Make no mistake: letters of recommendation are important, and how you approach them is critical. Ultimately, you want to know that the people from whom you’re requesting an endorsement harbor no reservations about your ability to succeed. And you want to be sure that they understand exactly what program(s) you’re applying to, what your long-term goals are, and what qualities the program is looking for in a candidate. And, last but not least, you don’t want to annoy these folks and demonstrate an inability to plan ahead by waiting until the last minute to request a letter.
I encourage prospective students to approach the process frankly and honestly. That means asking people directly if they are prepared to write you a positive letter of recommendation. Be open to hearing that someone might not. Their reticence could stem from a variety of concerns (they might, for example, feel that they don’t have enough knowledge of your abilities to write a convincing letter). Whatever the reason, it’s far better to know up front and be able to ask an alternate recommender, rather than receive a rejection from the program of your choice down the road and not know why.
We polled some our current students and asked them what advice they would offer their future colleagues about requesting letters of recommendation. They provided some excellent tips!
Your recommendation letters should come from people who really know you, who can say without a doubt that you are the best. So, first, talk with the people that you have in mind. I have 5 years of professional experience so I chose two recent supervisors and one of my undergraduate professors. Each of these individuals had known me at least three years. Once they agreed, I provided them with a link of the CIPA web site and explained why I wanted to go to Cornell.
-Sandra Mosqueria, Social Policy
People often feel like they need to have letters from important people (ie: the head of an organization –vs- a more lowly supervisor). However, these people rarely have a real connection with you. It is better to request a recommendation letter from someone who has worked closely with you and can fully describe your achievements and capabilities, rather than a generic letter from a recognizable name in your field.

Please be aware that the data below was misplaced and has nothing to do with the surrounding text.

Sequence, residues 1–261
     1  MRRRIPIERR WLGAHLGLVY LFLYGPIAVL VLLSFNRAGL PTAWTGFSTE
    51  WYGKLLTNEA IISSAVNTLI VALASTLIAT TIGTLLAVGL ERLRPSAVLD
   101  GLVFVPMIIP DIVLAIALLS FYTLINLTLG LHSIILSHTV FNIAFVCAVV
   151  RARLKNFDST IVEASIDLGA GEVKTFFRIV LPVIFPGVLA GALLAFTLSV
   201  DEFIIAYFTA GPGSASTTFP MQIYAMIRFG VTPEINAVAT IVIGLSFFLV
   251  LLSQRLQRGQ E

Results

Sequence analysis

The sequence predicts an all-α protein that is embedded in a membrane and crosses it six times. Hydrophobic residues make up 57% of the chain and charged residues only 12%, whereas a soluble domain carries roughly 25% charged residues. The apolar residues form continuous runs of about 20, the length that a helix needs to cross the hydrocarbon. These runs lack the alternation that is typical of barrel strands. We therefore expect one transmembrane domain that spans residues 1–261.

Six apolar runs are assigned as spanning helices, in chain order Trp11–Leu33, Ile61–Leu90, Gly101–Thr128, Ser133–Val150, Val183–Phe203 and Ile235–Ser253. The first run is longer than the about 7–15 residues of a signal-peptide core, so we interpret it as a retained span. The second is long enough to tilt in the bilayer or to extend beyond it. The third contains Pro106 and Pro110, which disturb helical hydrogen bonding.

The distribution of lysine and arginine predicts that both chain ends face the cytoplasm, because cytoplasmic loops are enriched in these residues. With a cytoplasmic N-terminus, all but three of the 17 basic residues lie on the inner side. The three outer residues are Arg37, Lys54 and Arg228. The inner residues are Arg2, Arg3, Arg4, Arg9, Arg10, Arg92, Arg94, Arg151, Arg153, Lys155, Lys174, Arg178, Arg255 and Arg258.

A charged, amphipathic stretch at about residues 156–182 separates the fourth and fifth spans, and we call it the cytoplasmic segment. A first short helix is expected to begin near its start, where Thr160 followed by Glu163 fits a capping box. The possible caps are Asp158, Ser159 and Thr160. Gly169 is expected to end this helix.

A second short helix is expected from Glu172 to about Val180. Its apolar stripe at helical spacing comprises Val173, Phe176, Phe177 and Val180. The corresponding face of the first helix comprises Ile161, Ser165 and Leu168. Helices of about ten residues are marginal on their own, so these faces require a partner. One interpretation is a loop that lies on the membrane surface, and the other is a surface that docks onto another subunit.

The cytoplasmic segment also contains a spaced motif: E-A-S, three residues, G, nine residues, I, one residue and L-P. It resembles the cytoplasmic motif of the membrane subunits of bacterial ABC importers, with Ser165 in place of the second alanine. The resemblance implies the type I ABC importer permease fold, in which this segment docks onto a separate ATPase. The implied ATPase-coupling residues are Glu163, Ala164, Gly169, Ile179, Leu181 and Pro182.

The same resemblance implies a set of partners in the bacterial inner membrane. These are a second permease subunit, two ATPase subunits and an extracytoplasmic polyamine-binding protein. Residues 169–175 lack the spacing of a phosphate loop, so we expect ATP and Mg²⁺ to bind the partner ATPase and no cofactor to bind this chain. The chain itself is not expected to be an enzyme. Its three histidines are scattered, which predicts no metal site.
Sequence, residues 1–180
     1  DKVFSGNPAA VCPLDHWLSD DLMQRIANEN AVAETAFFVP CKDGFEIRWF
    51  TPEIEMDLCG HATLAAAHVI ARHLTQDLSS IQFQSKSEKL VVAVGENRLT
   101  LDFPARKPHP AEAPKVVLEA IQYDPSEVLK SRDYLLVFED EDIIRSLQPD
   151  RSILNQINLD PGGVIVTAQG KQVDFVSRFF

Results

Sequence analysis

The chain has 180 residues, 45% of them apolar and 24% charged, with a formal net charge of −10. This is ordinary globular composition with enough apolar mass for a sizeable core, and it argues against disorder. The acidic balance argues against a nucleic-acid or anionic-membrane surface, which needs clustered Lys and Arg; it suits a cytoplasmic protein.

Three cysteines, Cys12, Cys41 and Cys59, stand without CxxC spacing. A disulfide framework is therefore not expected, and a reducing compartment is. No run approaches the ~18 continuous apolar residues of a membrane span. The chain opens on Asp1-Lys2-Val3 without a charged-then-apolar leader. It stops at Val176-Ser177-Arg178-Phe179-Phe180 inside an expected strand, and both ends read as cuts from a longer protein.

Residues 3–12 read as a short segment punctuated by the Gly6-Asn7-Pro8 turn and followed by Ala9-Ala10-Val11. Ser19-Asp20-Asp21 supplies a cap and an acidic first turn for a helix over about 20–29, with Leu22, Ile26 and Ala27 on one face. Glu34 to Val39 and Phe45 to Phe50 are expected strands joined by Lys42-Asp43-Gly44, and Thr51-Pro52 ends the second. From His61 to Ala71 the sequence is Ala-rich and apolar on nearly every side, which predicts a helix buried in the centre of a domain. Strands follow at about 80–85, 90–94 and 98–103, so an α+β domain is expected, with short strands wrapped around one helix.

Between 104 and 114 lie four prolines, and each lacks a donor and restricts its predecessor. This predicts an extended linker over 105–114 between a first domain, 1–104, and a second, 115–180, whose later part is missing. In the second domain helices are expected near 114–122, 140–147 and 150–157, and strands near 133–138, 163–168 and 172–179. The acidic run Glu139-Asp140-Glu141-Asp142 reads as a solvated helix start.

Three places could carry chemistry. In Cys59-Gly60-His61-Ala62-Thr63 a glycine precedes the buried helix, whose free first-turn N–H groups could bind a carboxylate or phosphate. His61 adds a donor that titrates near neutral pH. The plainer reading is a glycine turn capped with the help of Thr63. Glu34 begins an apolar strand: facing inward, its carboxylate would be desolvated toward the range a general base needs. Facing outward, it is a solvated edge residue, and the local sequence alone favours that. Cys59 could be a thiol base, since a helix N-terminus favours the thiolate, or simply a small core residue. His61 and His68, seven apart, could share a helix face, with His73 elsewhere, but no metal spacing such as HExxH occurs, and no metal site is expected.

-Roberto Galvan, Economics and Financial Policy
Choose your recommenders very carefully. I’m an international student, but I had studied one semester at Drexel University in Philadelphia. I decided to request letters from two professors there who could elaborate on how my learning style was particularly well-suited to the US education system.
-Vanisha Sharma, International Development Studies
Ask your recommenders early and, if possible, make your request in person, rather than by email. Provide them with a copy of your résumé and/or your CV. If the recommender is a professor, ask earlier in the semester rather than later when their workload is more overwhelming.
-Anlly Palacios, Social Policy
Start early, send your résumé and personal statement to recommenders along with your request, and send hand-written thank you notes after the recommenders have submitted their letters.
-Sharlene Castle, Human Rights and Social Policy
I remember asking a faculty member, a dean with whom I worked outside of class, and a former internship boss for letters of recommendation in order to offer a balanced combination of real world and academic perspective.
-Ranissa Adityavarman, Government, Politics and Policy Studies